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Power-On Self Test and Diagnostic Functions for Differential Small Computer System Interface Applications

IP.com Disclosure Number: IPCOM000115543D
Original Publication Date: 1995-May-01
Included in the Prior Art Database: 2005-Mar-30
Document File: 6 page(s) / 227K

Publishing Venue

IBM

Related People

Buckland, PA: AUTHOR [+3]

Abstract

Disclosed is an interface by which a sixteen-bit Small Computer System Interface (SCSI) chip having the ability, in normal operation, to act as both a target and an initiator can control external differential transceivers. With this interface, the chip can arbitrate, select, or reselect itself, and can then conduct information and asynchronous data transfers, testing its own Input/Output (I/O) circuits and the I/O circuits of the external differential transceivers to which it is connected.

This text was extracted from an ASCII text file.
This is the abbreviated version, containing approximately 43% of the total text.

Power-On Self Test and Diagnostic Functions for Differential Small
Computer System Interface Applications

      Disclosed is an interface by which a sixteen-bit Small Computer
System Interface (SCSI) chip having the ability, in normal operation,
to act as both a target and an initiator can control external
differential transceivers.  With this interface, the chip can
arbitrate, select, or reselect itself, and can then conduct
information and asynchronous data transfers, testing its own
Input/Output (I/O) circuits and the I/O circuits of the external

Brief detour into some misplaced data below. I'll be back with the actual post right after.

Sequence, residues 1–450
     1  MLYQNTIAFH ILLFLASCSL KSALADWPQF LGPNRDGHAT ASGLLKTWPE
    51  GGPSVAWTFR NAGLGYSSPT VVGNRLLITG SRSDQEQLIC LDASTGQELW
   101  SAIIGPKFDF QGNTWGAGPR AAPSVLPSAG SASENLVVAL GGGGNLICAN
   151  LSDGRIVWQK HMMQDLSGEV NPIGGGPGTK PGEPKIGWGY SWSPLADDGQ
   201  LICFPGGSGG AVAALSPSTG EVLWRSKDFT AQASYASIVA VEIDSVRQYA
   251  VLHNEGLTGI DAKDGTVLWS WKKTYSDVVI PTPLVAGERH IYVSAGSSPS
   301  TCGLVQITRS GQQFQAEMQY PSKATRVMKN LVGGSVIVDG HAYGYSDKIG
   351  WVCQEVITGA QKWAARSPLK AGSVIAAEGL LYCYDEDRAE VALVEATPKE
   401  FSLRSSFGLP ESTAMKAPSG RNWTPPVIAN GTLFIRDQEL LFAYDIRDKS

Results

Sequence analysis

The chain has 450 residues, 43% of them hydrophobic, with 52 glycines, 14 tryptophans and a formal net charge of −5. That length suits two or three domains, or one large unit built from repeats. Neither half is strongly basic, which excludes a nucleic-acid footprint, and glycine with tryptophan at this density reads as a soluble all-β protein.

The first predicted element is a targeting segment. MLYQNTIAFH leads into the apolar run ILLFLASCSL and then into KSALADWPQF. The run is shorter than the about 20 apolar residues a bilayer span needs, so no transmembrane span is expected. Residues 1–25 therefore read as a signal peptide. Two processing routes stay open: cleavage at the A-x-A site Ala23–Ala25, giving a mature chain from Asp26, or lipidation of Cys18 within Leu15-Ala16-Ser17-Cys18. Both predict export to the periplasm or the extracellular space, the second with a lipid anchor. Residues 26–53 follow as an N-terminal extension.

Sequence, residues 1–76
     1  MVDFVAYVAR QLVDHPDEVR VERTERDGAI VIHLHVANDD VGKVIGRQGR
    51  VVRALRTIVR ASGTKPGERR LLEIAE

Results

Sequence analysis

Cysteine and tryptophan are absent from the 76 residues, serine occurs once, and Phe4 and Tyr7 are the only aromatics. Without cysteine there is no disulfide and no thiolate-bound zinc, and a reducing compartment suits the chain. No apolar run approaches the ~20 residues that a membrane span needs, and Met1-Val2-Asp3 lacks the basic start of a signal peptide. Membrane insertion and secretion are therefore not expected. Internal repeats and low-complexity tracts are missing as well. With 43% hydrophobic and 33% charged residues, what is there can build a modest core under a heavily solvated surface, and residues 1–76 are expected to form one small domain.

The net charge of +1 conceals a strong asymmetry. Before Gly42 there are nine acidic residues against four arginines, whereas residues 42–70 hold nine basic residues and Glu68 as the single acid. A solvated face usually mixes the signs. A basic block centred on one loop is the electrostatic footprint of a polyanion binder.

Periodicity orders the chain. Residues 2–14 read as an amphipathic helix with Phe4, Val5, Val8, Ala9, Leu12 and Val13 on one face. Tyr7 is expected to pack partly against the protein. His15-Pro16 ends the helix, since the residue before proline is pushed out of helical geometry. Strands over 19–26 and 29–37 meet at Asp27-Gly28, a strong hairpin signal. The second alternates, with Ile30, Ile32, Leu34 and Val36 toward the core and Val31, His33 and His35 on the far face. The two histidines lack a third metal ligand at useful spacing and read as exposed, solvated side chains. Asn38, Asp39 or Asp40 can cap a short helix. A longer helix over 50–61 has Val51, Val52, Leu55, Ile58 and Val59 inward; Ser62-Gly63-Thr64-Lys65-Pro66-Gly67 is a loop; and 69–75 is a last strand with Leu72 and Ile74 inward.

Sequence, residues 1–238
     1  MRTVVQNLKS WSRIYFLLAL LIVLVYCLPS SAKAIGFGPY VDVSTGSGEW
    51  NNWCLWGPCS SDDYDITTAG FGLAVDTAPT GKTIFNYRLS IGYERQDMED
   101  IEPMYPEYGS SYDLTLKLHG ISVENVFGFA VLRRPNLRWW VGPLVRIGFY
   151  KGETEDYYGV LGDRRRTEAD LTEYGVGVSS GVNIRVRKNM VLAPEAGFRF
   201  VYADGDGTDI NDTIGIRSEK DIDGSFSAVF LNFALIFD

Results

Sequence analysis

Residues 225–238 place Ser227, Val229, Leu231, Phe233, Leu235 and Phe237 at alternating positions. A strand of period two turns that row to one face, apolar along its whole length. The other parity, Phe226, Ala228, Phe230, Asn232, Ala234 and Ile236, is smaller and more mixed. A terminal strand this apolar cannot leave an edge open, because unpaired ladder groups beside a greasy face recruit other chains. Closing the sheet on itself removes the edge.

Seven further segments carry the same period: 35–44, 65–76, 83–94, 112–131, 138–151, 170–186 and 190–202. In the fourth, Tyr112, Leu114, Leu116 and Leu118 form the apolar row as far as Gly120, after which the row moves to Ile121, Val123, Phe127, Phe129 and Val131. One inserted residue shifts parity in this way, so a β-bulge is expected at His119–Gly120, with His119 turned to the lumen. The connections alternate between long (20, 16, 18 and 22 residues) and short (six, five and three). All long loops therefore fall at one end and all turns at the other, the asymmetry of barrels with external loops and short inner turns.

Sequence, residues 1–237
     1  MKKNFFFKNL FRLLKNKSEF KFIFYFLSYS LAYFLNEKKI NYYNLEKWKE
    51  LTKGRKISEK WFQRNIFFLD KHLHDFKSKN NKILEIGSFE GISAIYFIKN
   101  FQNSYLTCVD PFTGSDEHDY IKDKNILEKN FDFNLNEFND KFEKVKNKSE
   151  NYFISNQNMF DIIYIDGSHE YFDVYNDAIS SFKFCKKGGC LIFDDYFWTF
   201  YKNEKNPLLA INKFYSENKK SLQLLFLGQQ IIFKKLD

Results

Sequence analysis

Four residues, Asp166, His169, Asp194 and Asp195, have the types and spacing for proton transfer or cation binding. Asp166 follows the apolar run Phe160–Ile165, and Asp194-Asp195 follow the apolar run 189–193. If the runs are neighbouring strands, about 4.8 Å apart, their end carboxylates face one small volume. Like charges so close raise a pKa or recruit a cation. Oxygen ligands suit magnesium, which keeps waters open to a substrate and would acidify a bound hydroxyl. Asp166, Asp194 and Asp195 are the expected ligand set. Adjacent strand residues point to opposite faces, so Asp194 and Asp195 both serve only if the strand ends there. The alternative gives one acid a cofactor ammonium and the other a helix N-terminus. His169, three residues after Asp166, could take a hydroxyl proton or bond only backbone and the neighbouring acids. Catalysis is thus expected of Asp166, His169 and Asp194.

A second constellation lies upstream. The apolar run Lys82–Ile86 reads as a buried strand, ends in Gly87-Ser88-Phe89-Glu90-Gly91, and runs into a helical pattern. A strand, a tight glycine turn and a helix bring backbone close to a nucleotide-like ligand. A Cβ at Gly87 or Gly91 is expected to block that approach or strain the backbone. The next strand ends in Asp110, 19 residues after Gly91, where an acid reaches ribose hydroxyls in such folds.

differential transceivers to which it is connected.

      During Power-On Self Test (POST) and diagnostic tests, this
interface provides a method to test the differential transceiver
control and I/O signal bus, along with the internal SCSI functions of
the SCSI interface chip.  In a test/diagnostic mode, a set of
registers in this chip completes the nexus with the functional
hardware through the external transceivers, which are also connected
to the differential transceivers.  The Test Mode Register (h'40'),
the FIFO Test Data Register, and the SCSI Parity Register (h'48') are
manipulated  by the microprocessor in order to emulate the other
device in the nexus.

      Fig. 1 is a table listing the definitions of I/O signals and of
differential transceiver control signals of the interface.

      Fig. 2 is a table listing the definitions of the Test Mode,
FIFO Data Test, and SCSI Signal Test registers of the SCSI interface
chip.

      Fig. 3 is a table listing the definitions of the SCSI Data Test
and SCSI Parity registers of the SCSI interface chip.

      An example of a scenario for using the test registers to put
the chip in test mode and to verify both the internal functions of
the chip and the interconnections with external differential
transceivers.  For this example, the functional logic in the chip has
been programmed to arbitrate, select its own ID, send a message byte,
and send a command byte.  The functional logic arbitrates by
activating +S_ENBSY, and the +S_ENDB(0:15) and -S_DB(0:15)
corresponding to its own ID.  The external differential transceivers
will in turn drive the +BSY and -BSY, and the +DB(0:15) and -DB(0:15)
pair for its ID.  The device must activate only the enable and 1/O
signals to its own differential transceiver so that it will still be
able to monitor the other IDs on the bus.  The functional logic
detects a "win" and waits for any other arbitrating devices to
release their signals.  The functional logic selects itself by
driving +S_ENBSY, +S_ENINIT, -S_SEL, -S_ATN, only its ID (one pair of
-S_DB(0:15) and +S_ENDB(0:15), +S_ENDBP and the correct parity bit
(-S_DBP or -S_SDBP1), and then releases +S_ENBSY.  All of these
signals cause the corresponding signals on the SCSI side of the
differential transceivers to switch states.

      The microprocessor monitors -S_BSYI, -S_SELI, -S_ATN, and its
own ID by means of the SCSI BSY,...